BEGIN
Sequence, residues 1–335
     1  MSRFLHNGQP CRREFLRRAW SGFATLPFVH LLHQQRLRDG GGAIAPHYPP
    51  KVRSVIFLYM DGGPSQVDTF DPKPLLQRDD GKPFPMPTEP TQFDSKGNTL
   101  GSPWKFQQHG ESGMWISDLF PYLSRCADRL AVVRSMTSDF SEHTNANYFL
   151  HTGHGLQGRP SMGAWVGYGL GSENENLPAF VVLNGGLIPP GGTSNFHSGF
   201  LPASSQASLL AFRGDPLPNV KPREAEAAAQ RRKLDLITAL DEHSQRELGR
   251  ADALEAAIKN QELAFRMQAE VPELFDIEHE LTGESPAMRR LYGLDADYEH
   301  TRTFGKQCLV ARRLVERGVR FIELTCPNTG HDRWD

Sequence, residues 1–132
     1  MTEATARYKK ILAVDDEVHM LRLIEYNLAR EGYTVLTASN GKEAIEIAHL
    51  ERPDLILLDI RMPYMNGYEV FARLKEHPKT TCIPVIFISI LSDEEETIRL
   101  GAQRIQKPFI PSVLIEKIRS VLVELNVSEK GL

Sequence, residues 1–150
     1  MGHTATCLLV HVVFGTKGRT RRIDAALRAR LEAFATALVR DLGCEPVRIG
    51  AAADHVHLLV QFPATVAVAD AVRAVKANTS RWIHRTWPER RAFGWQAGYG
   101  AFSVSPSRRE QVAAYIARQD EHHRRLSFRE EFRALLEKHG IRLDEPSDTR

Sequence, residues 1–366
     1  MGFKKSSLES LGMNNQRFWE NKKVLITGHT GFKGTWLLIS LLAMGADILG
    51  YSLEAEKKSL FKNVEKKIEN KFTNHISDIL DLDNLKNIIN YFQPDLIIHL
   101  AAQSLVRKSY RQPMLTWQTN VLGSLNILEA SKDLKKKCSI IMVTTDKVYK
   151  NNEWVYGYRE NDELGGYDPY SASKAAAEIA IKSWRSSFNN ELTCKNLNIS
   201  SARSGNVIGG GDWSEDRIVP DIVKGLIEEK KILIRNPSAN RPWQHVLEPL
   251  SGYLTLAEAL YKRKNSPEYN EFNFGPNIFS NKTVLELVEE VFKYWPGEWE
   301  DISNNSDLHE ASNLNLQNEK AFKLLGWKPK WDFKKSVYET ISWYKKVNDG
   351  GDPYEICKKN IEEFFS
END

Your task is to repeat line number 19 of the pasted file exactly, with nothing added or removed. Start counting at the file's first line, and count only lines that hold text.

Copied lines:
    51  YSLEAEKKSL FKNVEKKIEN KFTNHISDIL DLDNLKNIIN YFQPDLIIHL